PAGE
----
Bernardine Evaristo and Reni Eddo-Lodge have become the first Black British women to top the UK’s fiction and nonfiction paperback charts, in a week after Black authors criticised British publishing as a “hostile environment".
Evaristo’s Booker-winning novel 'Girl, Woman, Other' topped the paperback fiction chart this week, making her the first woman of colour to reach that spot. Eddo-Lodge also topped the paperback nonfiction chart with her 2017 book 'Why I’m No Longer Talking to White People About Race', making her the first Black British author to hold the spot.
Reni Eddo-Lodge said it was "a horrible indictment of the publishing industry" that it had taken so long for a black British author to be No 1.
Several bestselling authors have spoken out against the predominantly white publishing world. Such as bestselling novelist Dorothy Koomson, who has slammed UK publishing as a "hostile environment for black authors" and criticised those in the industry for posting "gaslighting social media posts".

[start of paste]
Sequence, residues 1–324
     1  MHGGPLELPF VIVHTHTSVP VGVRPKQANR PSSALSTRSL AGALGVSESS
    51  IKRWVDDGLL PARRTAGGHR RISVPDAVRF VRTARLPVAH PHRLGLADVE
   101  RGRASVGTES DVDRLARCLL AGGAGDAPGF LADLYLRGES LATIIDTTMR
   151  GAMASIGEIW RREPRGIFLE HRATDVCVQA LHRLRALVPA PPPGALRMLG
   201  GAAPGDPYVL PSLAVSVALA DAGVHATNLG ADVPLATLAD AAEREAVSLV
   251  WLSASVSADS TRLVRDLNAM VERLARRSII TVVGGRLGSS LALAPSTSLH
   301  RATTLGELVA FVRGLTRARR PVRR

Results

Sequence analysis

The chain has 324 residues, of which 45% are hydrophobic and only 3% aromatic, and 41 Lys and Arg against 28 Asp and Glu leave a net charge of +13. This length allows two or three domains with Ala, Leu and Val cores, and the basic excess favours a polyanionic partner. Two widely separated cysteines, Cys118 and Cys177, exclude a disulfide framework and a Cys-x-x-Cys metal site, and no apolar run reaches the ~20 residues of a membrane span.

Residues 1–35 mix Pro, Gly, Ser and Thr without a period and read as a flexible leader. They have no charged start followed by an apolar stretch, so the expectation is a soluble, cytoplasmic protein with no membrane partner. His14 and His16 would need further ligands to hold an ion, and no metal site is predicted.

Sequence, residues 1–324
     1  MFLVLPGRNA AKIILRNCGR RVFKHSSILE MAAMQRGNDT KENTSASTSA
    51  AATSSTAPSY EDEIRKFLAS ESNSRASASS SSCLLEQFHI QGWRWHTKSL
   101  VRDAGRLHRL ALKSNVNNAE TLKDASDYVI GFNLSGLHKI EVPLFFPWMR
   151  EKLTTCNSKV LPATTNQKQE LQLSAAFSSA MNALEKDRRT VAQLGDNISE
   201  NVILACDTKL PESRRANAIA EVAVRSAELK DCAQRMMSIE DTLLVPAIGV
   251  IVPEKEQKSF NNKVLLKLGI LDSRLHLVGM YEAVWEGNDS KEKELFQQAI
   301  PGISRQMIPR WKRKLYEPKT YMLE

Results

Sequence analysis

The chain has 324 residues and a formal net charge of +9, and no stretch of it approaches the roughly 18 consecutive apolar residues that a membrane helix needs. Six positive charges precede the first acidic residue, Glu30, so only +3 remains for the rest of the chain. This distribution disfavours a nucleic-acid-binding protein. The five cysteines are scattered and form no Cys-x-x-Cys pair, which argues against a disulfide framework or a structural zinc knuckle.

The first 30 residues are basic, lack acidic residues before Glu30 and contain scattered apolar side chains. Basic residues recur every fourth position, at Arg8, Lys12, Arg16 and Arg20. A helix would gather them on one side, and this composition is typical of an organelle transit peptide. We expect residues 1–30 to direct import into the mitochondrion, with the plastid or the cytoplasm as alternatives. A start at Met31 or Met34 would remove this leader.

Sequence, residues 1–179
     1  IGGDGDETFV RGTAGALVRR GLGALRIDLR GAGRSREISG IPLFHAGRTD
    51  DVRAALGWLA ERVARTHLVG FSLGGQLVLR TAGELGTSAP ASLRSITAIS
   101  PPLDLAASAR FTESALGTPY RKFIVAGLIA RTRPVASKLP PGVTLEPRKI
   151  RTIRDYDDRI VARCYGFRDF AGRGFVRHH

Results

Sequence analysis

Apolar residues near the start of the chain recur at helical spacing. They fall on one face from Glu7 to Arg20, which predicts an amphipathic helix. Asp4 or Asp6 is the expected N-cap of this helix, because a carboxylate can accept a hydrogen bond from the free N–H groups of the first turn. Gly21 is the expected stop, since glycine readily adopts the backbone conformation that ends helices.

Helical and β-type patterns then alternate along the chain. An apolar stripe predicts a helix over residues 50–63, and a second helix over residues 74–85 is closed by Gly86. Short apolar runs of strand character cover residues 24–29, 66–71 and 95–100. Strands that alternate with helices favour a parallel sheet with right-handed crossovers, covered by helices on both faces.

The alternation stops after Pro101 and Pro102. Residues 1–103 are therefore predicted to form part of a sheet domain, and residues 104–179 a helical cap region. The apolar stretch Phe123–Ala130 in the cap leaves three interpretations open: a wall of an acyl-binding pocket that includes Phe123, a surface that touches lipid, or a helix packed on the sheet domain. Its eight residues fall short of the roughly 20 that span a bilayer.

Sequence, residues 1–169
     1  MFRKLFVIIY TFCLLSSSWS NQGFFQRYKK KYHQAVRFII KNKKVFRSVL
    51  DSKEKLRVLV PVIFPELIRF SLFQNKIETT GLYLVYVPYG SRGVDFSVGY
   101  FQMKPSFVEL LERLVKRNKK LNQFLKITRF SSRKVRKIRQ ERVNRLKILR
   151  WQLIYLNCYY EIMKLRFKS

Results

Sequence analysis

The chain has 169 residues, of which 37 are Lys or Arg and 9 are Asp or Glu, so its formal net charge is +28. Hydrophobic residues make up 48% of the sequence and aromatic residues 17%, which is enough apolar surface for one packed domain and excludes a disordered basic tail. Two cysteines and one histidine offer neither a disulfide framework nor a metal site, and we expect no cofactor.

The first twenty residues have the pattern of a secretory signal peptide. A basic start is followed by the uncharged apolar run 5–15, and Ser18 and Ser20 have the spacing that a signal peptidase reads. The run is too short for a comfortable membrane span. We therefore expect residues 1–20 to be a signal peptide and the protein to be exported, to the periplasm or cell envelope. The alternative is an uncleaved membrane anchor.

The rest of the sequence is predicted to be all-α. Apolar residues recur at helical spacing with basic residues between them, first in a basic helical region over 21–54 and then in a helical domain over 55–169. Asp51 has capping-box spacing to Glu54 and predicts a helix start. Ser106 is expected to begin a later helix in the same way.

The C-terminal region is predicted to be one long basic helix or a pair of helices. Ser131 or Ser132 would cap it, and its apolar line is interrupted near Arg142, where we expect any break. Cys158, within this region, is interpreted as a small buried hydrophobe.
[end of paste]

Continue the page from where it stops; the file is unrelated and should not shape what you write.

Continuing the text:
Koomson added, “Do better, publishing people. Do better, be better, treat us better. Talk to us, listen to us, stop going out there with words of support and look inside with your actions to improve the environment for black authors … enough public posturing, all right?"
A petition was also put forward by Waterstones staff, calling on the UK’s largest bookseller to financially support the Black Lives Matter movement, particularly as they are gaining "massive revenues" from anti-racist books.
Waterstones’ chart is currently topped by Eddo-Lodge and Evaristo, with Layla F Saad’s Me and White Supremacy, Akala’s Natives and Robin DiAngelo’s White Fragility taking the Top 5. The petition which as been made public has received more than 5,000 signatures.
While Waterstones called it an "excellent idea", it said that because all of its shops have been closed since 23 March, and the great majority of its staff remain on furlough, "with the best will in the world, we are not in a position to make a charitable donation at present, however much we would like to do so".
Author Eddo-Lodge has previously asked readers buying her book, to match the price they paid with a donation to the Minnesota Freedom Fund. "This book financially transformed my life and I really don’t like the idea of personally profiting every time a video of a black person’s death goes viral," she said.